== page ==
Shadow Chancellor calls for increased benefits to fight poverty | Poverty


Rachel Reeves sees the clearest and most telling signs of poverty among schoolchildren in her Leeds West constituency. “You look at the kids and you just think, I know you’re poor.

“You can see it in school coats, especially in winter, and in school shoes. The kids don’t wear the proper school uniform, kind of a mix-and-match, and that’s really sad.

Earnings are two-thirds of the national average in the region she represents, just over £20,000 a year. “Although unemployment is low, many jobs don’t pay wages you can afford to live on,” Reeves says. “So many people rely on Universal Credit to supplement their income – 60% of people living in poverty today have a job.”

When Reeves first became Labor MP 12 years ago, there were no food banks. “Not because nobody cared, but because we didn’t need it,” she says. Now they are everywhere and in greater demand than ever as cost of living pressures intensify.

“We have set up clothing swaps and school uniform swaps, we have a baby bank with stuff for young children with nappies and clothes for kids. We regularly refer people to food banks. Schools help children with school uniforms. It’s really difficult.

What worries the Shadow Chancellor most, however, is that poverty is set to worsen in areas like Leeds West, as inflation soars and energy prices soar. She produces figures from the Resolution Foundation and other organizations showing that the number of people living in absolute poverty is expected to rise by 1.6 million over the next few years.

Rishi Sunak: “He really needs to show more empathy,” says Rachel Reeves. Photograph: Phil Noble/Reuters

His counterpart, Chancellor of the Exchequer Rishi Sunak, will deliver his spring statement in the House of Commons on Wednesday with Tory MPs among those urging him to take far more drastic action on the cost of living crisis.

Does Reeves think Sunak, one of the richest men in British politics, gets it?

“We’ll find out on Wednesday,” she said, adding that there are no signs that he will yet. “He really needs to show more empathy.”

As well as meeting his demands for a windfall tax on the huge profits of North Sea oil and gas companies, paying extra aid for energy bills and scrapping the planned 1.25 point increase percentage of National Insurance due next month, Sunak must , Reeves tells the Observer, increase benefits by about 6% (matching the expected rate of inflation for March) for millions of low-income people, including pensioners.

Under the current plans, benefits will only increase by 3.1%, as the level of increase was set in September last year, when that was the rate of inflation.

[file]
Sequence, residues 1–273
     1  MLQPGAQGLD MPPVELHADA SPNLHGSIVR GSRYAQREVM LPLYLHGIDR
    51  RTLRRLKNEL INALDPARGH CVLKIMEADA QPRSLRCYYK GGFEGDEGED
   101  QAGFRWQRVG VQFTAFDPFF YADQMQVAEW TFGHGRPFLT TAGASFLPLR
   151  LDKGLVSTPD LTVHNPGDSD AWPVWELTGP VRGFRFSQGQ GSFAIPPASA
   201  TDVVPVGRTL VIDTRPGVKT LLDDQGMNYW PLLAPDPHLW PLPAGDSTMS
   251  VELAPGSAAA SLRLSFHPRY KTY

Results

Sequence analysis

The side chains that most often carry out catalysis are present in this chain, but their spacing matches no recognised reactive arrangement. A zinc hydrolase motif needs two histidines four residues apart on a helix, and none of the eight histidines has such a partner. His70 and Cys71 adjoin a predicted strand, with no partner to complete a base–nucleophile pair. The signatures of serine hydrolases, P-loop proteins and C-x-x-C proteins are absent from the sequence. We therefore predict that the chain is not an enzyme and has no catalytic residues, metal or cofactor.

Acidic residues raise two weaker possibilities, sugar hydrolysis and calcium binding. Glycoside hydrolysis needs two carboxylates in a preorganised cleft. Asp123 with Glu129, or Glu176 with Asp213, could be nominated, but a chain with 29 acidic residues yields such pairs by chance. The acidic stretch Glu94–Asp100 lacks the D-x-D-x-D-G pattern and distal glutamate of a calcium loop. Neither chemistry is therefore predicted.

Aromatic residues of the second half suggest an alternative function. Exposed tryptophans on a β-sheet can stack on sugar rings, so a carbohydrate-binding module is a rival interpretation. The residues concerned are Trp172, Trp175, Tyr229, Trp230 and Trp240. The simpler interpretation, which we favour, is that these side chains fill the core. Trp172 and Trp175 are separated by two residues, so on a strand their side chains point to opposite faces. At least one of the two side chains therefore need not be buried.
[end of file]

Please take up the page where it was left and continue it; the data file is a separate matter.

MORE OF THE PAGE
Many think tanks are now warning of an intolerable fall in real incomes, which will hit the poorest hardest, unless benefits are increased to match the level at which prices rise. Some, like the Resolution Foundation, are calling for an 8% benefit increase to match possible inflation later this spring.

“I think this is a historic moment,” said Reeves, which will show whether the government understands the plight of low-income people. “We haven’t seen such inflation for 30 years now. If the Chancellor sticks to his plans of six months ago, he will not be up to the challenge.

“The Chancellor should consider how to increase benefits fairly. They are supposed to increase with inflation and they are not at the moment.

She says he has the cash to act as VAT and other tax revenues have soared into the billions due to rising inflation.

In February, before Russia invaded Ukraine, Sunak unveiled what was billed as a £9billion emergency package to help people meet their energy bills. One element of the plan was a £200 bill discount for all households in October. The money would however be clawed back from everyone at the rate of £40 a year from 2023, so it was, in a sense, just postponing the pain. The second measure was a £150 rebate on council tax bills to be paid in April to those who had homes in bands A to D in England, with the Treasury making money available to devolved administrations to reduce the invoices of similar amounts.

Some believe Sunak will raise the £150 figure on Wednesday and freeze fuel taxes again or even cut them. Reeves says she would support such measures because the situation on the ground is so dire.

“I was talking to Citizens Advice and it recently got more referrals from people in debt to energy companies than they’ve ever seen before, and that’s before the hikes coming in April,” she says.

“People are really scared. Moms and dads are especially worried about what’s going to happen. If this government really wants to level itself, it must act.


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